The following is an extract from a news article titled Keelty’s rage at Moti manoeuvres which appeared in the Sydney Morning Herald on October12, 2006.
Mr Keelty said yesterday he was concerned about “recent developments” involving both PNG and the Solomons.
“If the criminal justice system is corrupted, or otherwise interfered with, a community is left with few options, the least desirable of those options is for them to take the law into their own hands,” he said. Mr Keelty said if it had not been for the recovery of more than 3700 weapons since the Australian-led law and order restoration force arrived three years ago, he believed there would have been “numerous” fatalities in the April riots.
He pointed to shadowy vested interests behind violence and intimidation in the Solomons.
The occasion for former Australian Federal Police (“AFP”) Commissioner Keelty’s rage, or perhaps rave, against Mr Julian Moti QC was a presentation he made to the National Press Club in Canberra the day before, titled Policing in a Foreign Policy Space. History has shown and will no doubt continue to show that the speech Keelty delivered on October 11, 2006 and his follow up comments to the press gallery was nothing more than a congratulatory self-slap on the back from a man who is seemingly unable to differentiate reality from spin. In fact, Commissioner Keelty’s delusions about the competence of his beloved AFP became such an embarrassment to the Australian Government that it sought and received his resignation, which came into effect on 2 September, 2009. On hearing of Keelty’s resignation, Dr Haneef’s lawyer, Rod Hodgson made the following observation:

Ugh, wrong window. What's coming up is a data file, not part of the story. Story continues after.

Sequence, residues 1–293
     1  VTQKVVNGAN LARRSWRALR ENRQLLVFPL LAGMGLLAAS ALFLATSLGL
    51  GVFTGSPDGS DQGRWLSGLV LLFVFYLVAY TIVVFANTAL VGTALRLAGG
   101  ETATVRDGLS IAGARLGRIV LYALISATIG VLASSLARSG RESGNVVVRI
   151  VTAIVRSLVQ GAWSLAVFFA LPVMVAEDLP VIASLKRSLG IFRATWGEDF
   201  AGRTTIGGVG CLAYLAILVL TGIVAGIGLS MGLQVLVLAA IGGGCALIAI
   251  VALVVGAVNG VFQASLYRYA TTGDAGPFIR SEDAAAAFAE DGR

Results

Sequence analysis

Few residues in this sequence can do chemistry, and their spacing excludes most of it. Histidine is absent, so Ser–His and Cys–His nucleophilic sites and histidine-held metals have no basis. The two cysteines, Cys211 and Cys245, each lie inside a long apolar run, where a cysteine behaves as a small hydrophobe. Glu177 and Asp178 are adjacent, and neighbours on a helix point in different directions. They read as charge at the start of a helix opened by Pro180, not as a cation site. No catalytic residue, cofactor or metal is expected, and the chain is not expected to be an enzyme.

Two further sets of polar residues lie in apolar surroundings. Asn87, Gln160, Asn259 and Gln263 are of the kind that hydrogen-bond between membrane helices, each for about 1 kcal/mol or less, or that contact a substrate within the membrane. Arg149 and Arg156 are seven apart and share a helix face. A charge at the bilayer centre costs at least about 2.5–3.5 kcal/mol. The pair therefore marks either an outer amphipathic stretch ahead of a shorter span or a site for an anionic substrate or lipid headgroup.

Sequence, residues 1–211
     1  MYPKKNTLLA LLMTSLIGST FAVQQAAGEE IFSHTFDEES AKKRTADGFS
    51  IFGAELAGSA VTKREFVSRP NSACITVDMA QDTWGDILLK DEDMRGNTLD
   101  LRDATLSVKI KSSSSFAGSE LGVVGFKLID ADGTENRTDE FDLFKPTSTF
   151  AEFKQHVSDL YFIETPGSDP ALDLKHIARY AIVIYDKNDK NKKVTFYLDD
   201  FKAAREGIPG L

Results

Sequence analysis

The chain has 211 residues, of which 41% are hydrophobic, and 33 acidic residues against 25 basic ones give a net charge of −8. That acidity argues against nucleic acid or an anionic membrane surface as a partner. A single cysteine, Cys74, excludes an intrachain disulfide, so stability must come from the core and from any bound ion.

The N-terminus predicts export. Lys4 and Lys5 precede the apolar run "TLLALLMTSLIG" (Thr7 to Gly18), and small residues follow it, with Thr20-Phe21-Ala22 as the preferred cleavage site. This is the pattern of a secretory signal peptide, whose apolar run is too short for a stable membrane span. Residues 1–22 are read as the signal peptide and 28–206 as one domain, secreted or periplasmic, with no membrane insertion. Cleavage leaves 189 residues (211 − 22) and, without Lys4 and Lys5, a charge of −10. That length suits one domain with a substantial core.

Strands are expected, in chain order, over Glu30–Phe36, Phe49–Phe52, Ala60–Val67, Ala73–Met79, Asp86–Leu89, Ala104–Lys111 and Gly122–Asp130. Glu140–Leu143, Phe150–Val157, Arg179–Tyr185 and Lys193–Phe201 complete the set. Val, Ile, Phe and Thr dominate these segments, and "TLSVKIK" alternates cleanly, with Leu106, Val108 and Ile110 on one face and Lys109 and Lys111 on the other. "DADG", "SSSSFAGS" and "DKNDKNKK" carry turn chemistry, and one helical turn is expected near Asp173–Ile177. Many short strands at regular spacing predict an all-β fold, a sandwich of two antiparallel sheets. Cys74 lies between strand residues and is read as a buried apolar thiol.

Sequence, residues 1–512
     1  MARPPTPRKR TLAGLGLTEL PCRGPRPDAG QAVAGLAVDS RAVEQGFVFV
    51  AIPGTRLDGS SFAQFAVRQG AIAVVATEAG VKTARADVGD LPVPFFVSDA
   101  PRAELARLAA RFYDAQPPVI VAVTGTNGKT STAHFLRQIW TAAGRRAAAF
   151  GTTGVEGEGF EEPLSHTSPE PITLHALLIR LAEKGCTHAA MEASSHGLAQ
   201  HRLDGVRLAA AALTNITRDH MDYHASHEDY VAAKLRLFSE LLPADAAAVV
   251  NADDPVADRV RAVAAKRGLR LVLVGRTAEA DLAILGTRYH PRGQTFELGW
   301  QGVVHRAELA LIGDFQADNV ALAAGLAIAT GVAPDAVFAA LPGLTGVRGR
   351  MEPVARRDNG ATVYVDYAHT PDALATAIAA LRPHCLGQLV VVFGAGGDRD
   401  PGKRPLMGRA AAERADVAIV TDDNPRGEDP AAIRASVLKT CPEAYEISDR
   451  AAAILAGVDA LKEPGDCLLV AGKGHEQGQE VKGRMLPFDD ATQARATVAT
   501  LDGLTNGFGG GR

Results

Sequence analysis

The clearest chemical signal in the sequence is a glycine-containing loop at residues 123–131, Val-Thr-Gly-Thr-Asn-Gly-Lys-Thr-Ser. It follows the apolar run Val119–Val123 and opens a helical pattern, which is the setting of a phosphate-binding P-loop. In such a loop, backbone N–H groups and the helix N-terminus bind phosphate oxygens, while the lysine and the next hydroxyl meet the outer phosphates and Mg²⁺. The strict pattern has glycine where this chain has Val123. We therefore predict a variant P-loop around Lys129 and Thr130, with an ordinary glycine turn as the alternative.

“The AFP under Mr Keelty was incapable of accepting responsibility and, when mistakes were made, they sought to blame them on someone else such as the Commonwealth DPP”
This was followed with Barrister Stephen Keim, who also represented Dr Haneef, observing that Commissioner Keelty’s resignation:
“Provides an important opportunity for the Commonwealth Government to correct the built-up mistakes from the past… One of the problems with Mr Keelty is that in his public statements over the years he has not shown any ability to acknowledge error on his part or the organisation”
Indeed, error and contrition are words seemingly unknown in the Keelty vocabulary. The Keelty inspired bungle that was the Haneef affair cost the Australian taxpayer at least $7.5 million, together with an additional $1.8 Million in compensation for Dr Haneef. For the princely sum of $9.3 Million, Keelty made Australia the laughing stock of international policing community. But, to borrow a phrase from a well-known Australian marketer, “wait there’s more” – indeed there is a lot more.